Amidst a busy Thanksgiving box office frame that saw such flashy specialty success stories as “Broken Embraces”‘s mammoth per-theater-average and “Precious”‘s continued success in semi-wide release, another indie success story was potentially being set in motion. The do-it-yourself release of Richard Linklater’s “Me and Orson Welles” got off to a very nice start, averaging $15,910 from its four theaters, the highest PTA of all debuting films. Though it has been seen time and time again that a potent debut does not necessarily translate into continued success through expansion, watching what happens to “Welles” over the next few weeks will be very interesting. While DIY releases from “Bottle Shock” to “Valentino: The Last Emperor” have recently managed strong final grosses, “Me and Orson Welles” is not your average do-it-yourselfer. Its director has an impressive resume that includes some American indie classics, and its star – Zac Efron – is one of the biggest teen idols on the planet.
“Welles” follows Richard Samuels (Efron), a teenager who is cast in the Mercury Theatre production of “Julius Caesar” directed by a young Orson Welles (Cristian McKay) in 1937. Holly Gent Palmo and Vincent Palmo Jr. adapted the film’s screenplay from Robert Kaplow’s novel of the same name. After receiving funding from CinemaNX, a production company backed by the Isle of Man film fund, Richard Linklater came on board to direct.
The film is being distributed through Freestyle Releasing (the company also responsible for “Bottle Shock”), in an arrangement orchestrated by financing and sales agency Cinetic Media. It had premiered without distribution at the 2008 Toronto International Film Festival over fourteen months ago. At the time, Toronto’s co-director Cameron Bailey predicted to indieWIRE that “Welles” was definitely going to be one of the fest’s big sells.
“There’s ‘Me and Orson Welles,'” Bailey had said when asked about potential sales, “the new Richard Linklater film that I think definitely is going to be one of the hottest films – and not just because its Richard Linklater… There is this guy named Zac Efron in it as well which people seem to know and then its got this terrific performance by this guy Christian McKay who plays Orson Welles in 1937 as he’s mounting a production of ‘Julius Caesar.’ So this is a big title obviously and to have films like that premiering with us is really important.”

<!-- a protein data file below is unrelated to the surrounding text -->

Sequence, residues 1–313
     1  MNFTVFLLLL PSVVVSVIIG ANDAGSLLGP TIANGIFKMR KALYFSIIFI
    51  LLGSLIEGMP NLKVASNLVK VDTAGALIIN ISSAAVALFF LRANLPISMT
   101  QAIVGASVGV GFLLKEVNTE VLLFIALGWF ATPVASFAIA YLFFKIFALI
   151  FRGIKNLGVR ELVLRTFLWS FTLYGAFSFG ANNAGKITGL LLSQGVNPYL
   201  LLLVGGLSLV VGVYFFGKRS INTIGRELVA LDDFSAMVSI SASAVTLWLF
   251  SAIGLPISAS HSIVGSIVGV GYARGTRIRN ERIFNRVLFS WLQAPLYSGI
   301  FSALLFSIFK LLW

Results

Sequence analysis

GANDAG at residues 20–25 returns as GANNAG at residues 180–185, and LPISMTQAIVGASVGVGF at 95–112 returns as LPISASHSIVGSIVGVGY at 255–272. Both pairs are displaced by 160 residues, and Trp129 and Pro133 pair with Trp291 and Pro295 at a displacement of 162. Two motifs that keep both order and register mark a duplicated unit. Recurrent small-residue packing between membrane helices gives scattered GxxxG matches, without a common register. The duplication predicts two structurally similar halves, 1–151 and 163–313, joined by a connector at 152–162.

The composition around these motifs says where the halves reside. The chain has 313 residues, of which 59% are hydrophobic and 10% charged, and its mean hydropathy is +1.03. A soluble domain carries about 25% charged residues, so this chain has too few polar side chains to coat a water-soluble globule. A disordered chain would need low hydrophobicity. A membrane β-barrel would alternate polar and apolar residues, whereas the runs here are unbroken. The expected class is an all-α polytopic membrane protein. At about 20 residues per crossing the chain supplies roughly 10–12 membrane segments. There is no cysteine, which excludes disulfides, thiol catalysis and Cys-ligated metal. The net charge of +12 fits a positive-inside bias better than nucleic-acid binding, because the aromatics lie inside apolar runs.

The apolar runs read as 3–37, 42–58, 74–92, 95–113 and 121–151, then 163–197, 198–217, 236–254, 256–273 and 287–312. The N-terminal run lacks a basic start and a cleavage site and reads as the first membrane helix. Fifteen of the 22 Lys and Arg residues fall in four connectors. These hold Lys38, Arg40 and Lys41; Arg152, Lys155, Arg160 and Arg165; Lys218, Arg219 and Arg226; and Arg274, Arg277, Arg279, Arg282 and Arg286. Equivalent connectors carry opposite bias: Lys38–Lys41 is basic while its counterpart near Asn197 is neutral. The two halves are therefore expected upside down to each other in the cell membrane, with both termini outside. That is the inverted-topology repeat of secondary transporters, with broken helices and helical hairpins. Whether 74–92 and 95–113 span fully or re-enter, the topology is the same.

This suggestion was echoed in the trades, with Anne Thompson, then working for Variety suggesting it would be one of the festival’s few seven figure sales. But when the festival was said and done, “Welles” hadn’t found a home, despite receiving a warm response from critics in Toronto. So Cinetic decided to take matters into their own hands.
“What we did was basically created our own service distribution company, and then we went out and got the prints & advertising,” Cinetic head John Sloss told indieWIRE yesterday. “The reason we did that is that we knew we had a film of significant and inherent value both in terms of its quality and in terms of its cast, and we were not getting offers commensurate with that value. It didn’t really ‘end up’ at Freestyle. We put together a distribution team, and we hired Freestyle to handle distribution, meaning to book the theaters. Freestyle’s just an amazing company. They really are doing it for the right reasons, and they’re really good at what they do. They value transparency, which is something that’s very important to us.”
Sloss and Cinetic, who have been involved with every Richard Linklater film since 1991’s “Slacker,” also hired Russell Schwartz who used to head marketing at New Line, to be in charge of marketing for this project. “We think he’s one of the best people in the world at marketing high-end specialty movies,” Sloss said. “Rick has worked with him before on ‘Dazed and Confused’ and I’ve worked with him many times.”
The film is being released in the UK this Friday (where CinemaNX and Vue Theaters in the UK have joined together to basically distribute the film themselves), and will continue to expand in the U.S. in the coming weeks. Sloss said that so far, things are looking positive, and Zac Efron doesnt even appear to be the main reason.
“The film ended up skewing older, not that we expected it, it just did,” he said. “Basically, it played well to adult audiences that like sophisticated, specialized movies, which is interesting because we weren’t clear whether Zac’s younger audience would show up or not. We didn’t particularly market to them, although we didn’t preclude them. But what we saw from the first weekend is that the film hopefully will have legs among the people who support films like, say, ‘An Education.’ It turned out to be appealing to that demographic. So we’re going to pretty much stay the course this weekend, and then there will be an expansion on the following weekend. And then like many films in this situation, we’ll just sort of follow the gross. We’ll see how the numbers hold up. We’ve secured enough money to support it accordingly, and we’ll just have to see. We’ve given the film a fair shot to succeed and now a lot of it is about the film and the word of mouth it inspires.”
While “Orson Welles” is one the first examples of such a high-profile film going to the DIY route, if it proves successful, it’s going to be done a lot more in the future.
“Box Office 2.0” is a weekly column by indieWIRE Associate Editor Peter Knegt. Check out the previous editions:
Box Office 2.0: Fall Winners and Losers
Box Office 2.0: Assessing 2009’s Dox Office From “Capitalism” to “The Cove”
Box Office 2.0: Two Notable DIY Releases That Opened In “Precious”‘s Shadow
Box Office 2.0: Snap Judgements & Great Expectations